The claims are for a chemical compound described by specific formula, and for the basic metal salts of this compound. The 1946 application did not disclose the specific formula of this compound. According to undisputed testimony in the District Court, a general formula disclosed by the 1946 application "encompassed within [its] scope * * * a large number", possibly thousands, of compounds, including the one now specifically claimed; "a small number of known, but many unknown" compounds; chemists can "derive" the specific formula now claimed, and many others, from the general formula; "You derive the compound [now claimed] by assigning certain values to the m variables set forth in the general formula" disclosed in 1946, but "there are many other compounds that would be derived in the same way * * *." A witness for appellees who testified, on direct examination, that the 1946 "formula, with the explanatory disclosure, specifically dictates the formula" now claimed, testified on cross-examination that "One is led to other compounds as well" and that he "had a definite goal in mind" when he picked a particular "substituent".1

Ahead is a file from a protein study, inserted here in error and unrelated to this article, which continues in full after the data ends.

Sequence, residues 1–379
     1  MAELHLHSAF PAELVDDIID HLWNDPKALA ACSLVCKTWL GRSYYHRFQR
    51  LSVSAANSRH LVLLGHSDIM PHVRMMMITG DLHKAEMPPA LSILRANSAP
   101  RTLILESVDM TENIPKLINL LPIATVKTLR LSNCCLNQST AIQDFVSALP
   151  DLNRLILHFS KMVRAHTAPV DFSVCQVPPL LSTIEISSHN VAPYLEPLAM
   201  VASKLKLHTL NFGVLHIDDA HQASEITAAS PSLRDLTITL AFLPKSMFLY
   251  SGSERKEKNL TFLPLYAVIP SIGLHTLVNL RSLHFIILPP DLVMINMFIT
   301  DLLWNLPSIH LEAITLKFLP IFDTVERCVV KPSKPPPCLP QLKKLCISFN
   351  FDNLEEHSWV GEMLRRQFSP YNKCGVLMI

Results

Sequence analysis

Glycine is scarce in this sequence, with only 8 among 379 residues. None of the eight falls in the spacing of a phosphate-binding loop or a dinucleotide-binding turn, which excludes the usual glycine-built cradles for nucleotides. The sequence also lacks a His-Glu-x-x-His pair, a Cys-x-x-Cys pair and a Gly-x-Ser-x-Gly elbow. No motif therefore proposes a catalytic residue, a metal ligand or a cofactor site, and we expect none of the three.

The difference between the Patent Office and the District Court, and the issue before us, is not factual. As the Commissioner of Patents says in his brief, "There is little, if any, disagreement as to the salient pertinent facts of this case." He does not deny that the appellees are entitled to a patent if their 1951 claims are entitled to priority over the 1947 references. The appellees do not contend that they are entitled to a patent if their claims are not entitled to priority over those references. The question is not whether an invention has been made. The question is whether the appellees are entitled to claim the invention. The answer turns on the relation between the words of the 1946 application and the words of the 1951 claims. And "the words of a patent or a patent application, like the words of specific claims therein, always raise a question of law for the court and may not be determined by the opinion of experts. Sanitary Refrigerator Co. v. Winters, 280 U.S. 30, 50 S.Ct. 9, 74 L.Ed. 147 * * *." Minnesota Mining & Mfg. Co. v. Carborundum Co., 3 Cir., 155 F.2d 746, 749. The 1946 disclosure would or would not have supported claims like the ones now made, according to whether such a general disclosure does or does not, in respect to such specific claims, meet the legal requirement that "The specification shall contain a written description of the invention, and of the manner and process of making and using it, in such full, clear, concise, and exact terms as to enable any person skilled in the art to which it pertains * * * to make and use the same, and shall set forth the best mode contemplated by the inventor of carrying out his invention." 35 U.S.C. § 112. (Emphasis added.) "This is a question of law, open to this court, precisely as it was open to the court below." Minnesota Mining case, supra. On this appeal the Patent Office does not question, and we do not question, any of the testimony of appellees' witnesses. But we answer the question of law in the negative.2 As a matter of law, an applicant cannot "`include and claim a specific thing not originally described, merely because it comes within the scope of the genus before disclosed.'" In re Mraz, 36 App. D.C. 435, 438. An applicant "under the circumstances of this case, cannot preempt the entire field * * * by broadly teaching that useful results may be obtained by mixtures and combinations of a broad general group of materials without specifically naming such materials * * * or in some other manner pointing out his invention as is required by statute * * *." In re Collins, 75 F.2d 1000, 1002, 22 C.C.P.A., Patents, 1053. Minnesota Mining case, supra.